spacy.load(‘language_model’) returns a language pipeline.

text = "Samsung is ready to launch new phone worth $1000 in South Korea"
doc = nlp(text)
for ent in doc.ents:
    print(ent.text, ent.label_)
  • doc.ents → list of the tokens
  • ent.label_ → entity name
  • ent.text → token name

All text must be converted into Spacy Document by passing into the pipeline.

Name entity recognition
Source: Author
  • ORG → Organization
  • 1000 → Money
  • South Korea → GeoPolitical entity

SpaCy gives accurate results and it can be used where our objective is to filter out entities.


Here the idea is to classify a text based on the pre-trained category. There are a wide variety of applications based on Text-Classification.

  • Resume Shortlisting
  • Spam Classifier
  • Document Classification
  • Sentiment Analysis

You may have seen that there is a directory for all spam messages in your message inbox, a machine learning model works in the backend that classifies spam mails vs our normal mails.

Building a Spam mail classifier in Python

We need a dataset containing all spam messages and normal messages in order to train a model. we will train a baseline text classifier in order to understand the training process.

1. Download the dataset from here in your working directory.

2. Import the necessary libraries to load the dataset into a pandas data frame and perform some data cleaning.

import pandas as pd
df = pd.read_csv(r'spam.csv',encoding='ISO-8859-1',usecols=['v1','v2'])
df.rename(columns = {'v1':'Target', 'v2':'Email'}, inplace = True)
output | Text Classification
Source: Author

As you see our raw data is not cleaned we need to perform some data cleaning operations.

Value counts

In the dataset most of the rows are normal mails, only 747 mails are spam. Our dataset is Imbalanced. This can be fixed by either upsampling or downsampling which we will perform in the next part.

3. for text cleaning I have made a library text-hammer that makes our text cleaning much easier. installing and using this library is so easy.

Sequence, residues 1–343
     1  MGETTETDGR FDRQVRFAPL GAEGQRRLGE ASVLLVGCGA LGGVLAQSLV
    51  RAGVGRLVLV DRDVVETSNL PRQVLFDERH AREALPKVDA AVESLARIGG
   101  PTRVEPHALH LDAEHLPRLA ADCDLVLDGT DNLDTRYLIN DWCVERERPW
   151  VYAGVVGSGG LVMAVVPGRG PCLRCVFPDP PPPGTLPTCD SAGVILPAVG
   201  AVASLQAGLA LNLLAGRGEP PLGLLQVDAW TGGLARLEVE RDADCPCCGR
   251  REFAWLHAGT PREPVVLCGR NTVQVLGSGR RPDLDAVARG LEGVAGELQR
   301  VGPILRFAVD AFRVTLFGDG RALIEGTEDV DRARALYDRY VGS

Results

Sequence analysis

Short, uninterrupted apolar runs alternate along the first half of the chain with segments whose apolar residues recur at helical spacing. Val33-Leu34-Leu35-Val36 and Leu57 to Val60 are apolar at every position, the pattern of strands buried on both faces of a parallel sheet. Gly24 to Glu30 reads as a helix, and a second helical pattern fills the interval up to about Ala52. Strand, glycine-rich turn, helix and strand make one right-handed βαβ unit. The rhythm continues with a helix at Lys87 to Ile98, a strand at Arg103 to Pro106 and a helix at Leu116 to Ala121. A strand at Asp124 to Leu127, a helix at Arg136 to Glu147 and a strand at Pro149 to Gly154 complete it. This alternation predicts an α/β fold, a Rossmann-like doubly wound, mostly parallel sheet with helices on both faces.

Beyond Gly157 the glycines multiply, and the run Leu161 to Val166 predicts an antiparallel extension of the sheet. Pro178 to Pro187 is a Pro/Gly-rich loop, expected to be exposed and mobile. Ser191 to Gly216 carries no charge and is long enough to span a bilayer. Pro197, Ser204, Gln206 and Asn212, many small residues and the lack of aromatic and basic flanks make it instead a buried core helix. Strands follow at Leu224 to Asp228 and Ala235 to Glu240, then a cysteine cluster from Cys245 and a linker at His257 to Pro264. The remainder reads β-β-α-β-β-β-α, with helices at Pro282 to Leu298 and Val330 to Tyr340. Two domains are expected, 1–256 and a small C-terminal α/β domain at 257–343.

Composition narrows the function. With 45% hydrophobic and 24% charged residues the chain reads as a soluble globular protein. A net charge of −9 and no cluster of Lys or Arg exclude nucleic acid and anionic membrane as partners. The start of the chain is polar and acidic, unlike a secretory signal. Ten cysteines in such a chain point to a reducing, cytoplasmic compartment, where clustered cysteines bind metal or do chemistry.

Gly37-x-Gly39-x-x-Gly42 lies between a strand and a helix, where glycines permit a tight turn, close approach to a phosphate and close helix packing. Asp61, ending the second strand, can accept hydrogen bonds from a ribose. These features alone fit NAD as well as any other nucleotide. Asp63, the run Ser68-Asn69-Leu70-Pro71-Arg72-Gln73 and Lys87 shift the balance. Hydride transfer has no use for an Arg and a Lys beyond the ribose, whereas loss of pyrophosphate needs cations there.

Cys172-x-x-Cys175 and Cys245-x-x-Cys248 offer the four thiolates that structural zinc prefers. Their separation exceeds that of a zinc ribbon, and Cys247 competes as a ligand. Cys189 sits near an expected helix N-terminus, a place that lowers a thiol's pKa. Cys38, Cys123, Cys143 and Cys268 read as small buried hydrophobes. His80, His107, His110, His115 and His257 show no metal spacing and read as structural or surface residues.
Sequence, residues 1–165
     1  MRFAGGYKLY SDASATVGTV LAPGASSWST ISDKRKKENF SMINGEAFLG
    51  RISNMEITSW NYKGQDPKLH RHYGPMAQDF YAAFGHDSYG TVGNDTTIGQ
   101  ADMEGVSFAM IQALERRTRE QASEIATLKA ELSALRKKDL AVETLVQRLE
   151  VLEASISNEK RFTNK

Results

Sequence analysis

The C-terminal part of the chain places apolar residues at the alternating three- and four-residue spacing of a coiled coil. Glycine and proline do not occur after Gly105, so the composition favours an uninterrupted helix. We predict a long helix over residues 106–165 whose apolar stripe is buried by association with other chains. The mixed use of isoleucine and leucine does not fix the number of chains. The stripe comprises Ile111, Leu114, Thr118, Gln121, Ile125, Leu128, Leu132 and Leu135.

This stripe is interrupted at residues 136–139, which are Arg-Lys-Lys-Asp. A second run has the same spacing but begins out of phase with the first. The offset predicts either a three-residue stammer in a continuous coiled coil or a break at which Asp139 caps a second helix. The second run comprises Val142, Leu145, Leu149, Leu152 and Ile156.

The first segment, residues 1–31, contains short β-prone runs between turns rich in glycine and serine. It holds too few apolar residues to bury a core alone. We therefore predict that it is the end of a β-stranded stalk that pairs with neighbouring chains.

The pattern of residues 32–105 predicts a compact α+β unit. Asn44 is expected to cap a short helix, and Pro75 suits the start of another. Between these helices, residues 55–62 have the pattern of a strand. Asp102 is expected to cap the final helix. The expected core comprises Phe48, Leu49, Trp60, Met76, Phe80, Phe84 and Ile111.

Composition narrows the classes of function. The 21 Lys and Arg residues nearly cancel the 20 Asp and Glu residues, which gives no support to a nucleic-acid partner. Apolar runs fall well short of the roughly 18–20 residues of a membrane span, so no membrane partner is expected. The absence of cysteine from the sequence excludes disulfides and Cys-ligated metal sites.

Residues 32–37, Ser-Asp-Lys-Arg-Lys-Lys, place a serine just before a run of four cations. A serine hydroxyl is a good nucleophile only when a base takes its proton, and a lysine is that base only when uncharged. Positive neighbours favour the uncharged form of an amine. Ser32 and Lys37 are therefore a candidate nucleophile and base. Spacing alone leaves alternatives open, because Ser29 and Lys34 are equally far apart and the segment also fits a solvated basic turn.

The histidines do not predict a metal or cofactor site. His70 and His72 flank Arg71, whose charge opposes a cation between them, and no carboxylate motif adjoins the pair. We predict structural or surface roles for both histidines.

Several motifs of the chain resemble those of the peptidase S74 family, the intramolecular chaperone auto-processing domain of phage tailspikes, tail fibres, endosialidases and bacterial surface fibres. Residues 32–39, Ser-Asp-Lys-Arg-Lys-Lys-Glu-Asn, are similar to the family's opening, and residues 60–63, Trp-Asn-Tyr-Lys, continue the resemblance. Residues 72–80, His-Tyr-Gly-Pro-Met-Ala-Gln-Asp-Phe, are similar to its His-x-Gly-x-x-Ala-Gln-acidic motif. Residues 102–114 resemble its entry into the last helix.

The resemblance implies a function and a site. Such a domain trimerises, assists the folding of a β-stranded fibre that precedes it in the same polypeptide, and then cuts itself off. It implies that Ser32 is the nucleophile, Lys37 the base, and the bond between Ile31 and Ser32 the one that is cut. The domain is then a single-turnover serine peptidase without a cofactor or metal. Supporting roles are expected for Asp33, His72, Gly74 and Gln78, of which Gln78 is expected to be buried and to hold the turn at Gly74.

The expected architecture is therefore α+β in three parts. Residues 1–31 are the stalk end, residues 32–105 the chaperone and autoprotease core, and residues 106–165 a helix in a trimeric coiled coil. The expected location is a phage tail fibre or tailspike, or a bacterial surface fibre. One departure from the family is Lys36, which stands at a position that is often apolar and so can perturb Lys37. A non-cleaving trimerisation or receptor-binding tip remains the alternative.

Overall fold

!pip install text_hammer
import text_hammer as th

Creating a function for text cleaning 

def text_cleaning(df,col_name):
    #-----Remove Stopwords----
    df[col_name] = df[col_name].progress_apply(lambda x: th.remove_stopwords(x))
    #----Remove Special Character----
    df[col_name] = df[col_name].progress_apply(lambda x: th.remove_special_chars(x))
    #---Remove accented characters---
    df[col_name] = df[col_name].progress_apply(lambda x: th.remove_accented_chars(x))
    # ---Removing HTML tags and URL---
    df[col_name] = df[col_name].progress_apply(lambda x: th.remove_html_tags(x))
    df[col_name] = df[col_name].progress_apply(lambda x: th.remove_urls(x))
    #--- Converting into root words--
    df[col_name] = df[col_name].progress_apply(lambda x: th.make_base(x))                                      
    return df

Calling the text cleaning function: text_cleaning takes a df and the column name containing the Raw data.

df = text_cleaning(df, 'Email')

Mapping the spam with 1 and ham with 0.

df['Target'] = df.Target.map({'ham':0,'spam':1})

Splitting the whole data for training and testing

Using train_test_split in order to split the dataset into training and testing purposes.

# splitting the data to check our final model 
from sklearn import model_selection
X_train,X_test,y_train,y_test = model_selection.train_test_split(df['Email'],df['Target'],